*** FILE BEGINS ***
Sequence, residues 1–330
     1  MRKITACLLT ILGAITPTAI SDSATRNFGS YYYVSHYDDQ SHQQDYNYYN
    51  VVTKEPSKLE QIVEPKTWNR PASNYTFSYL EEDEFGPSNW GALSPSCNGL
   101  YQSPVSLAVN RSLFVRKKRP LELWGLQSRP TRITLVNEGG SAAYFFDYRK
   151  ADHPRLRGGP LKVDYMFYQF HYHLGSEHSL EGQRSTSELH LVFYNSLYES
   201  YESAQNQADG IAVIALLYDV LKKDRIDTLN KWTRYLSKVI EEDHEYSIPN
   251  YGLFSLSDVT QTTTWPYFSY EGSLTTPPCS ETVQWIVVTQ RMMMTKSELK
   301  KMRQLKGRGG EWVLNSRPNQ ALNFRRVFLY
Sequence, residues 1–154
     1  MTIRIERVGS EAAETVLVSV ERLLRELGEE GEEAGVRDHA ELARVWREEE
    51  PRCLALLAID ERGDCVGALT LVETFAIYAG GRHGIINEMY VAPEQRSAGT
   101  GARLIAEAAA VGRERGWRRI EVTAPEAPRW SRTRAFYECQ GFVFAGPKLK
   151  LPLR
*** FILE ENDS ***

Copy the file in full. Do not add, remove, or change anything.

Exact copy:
Sequence, residues 1–330
     1  MRKITACLLT ILGAITPTAI SDSATRNFGS YYYVSHYDDQ SHQQDYNYYN
    51  VVTKEPSKLE QIVEPKTWNR PASNYTFSYL EEDEFGPSNW GALSPSCNGL
   101  YQSPVSLAVN RSLFVRKKRP LELWGLQSRP TRITLVNEGG SAAYFFDYRK
   151  ADHPRLRGGP LKVDYMFYQF HYHLGSEHSL EGQRSTSELH LVFYNSLYES
   201  YESAQNQADG IAVIALLYDV LKKDRIDTLN KWTRYLSKVI EEDHEYSIPN
   251  YGLFSLSDVT QTTTWPYFSY EGSLTTPPCS ETVQWIVVTQ RMMMTKSELK
   301  KMRQLKGRGG EWVLNSRPNQ ALNFRRVFLY
Sequence, residues 1–154
     1  MTIRIERVGS EAAETVLVSV ERLLRELGEE GEEAGVRDHA ELARVWREEE
    51  PRCLALLAID ERGDCVGALT LVETFAIYAG GRHGIINEMY VAPEQRSAGT
   101  GARLIAEAAA VGRERGWRRI EVTAPEAPRW SRTRAFYECQ GFVFAGPKLK
   151  LPLR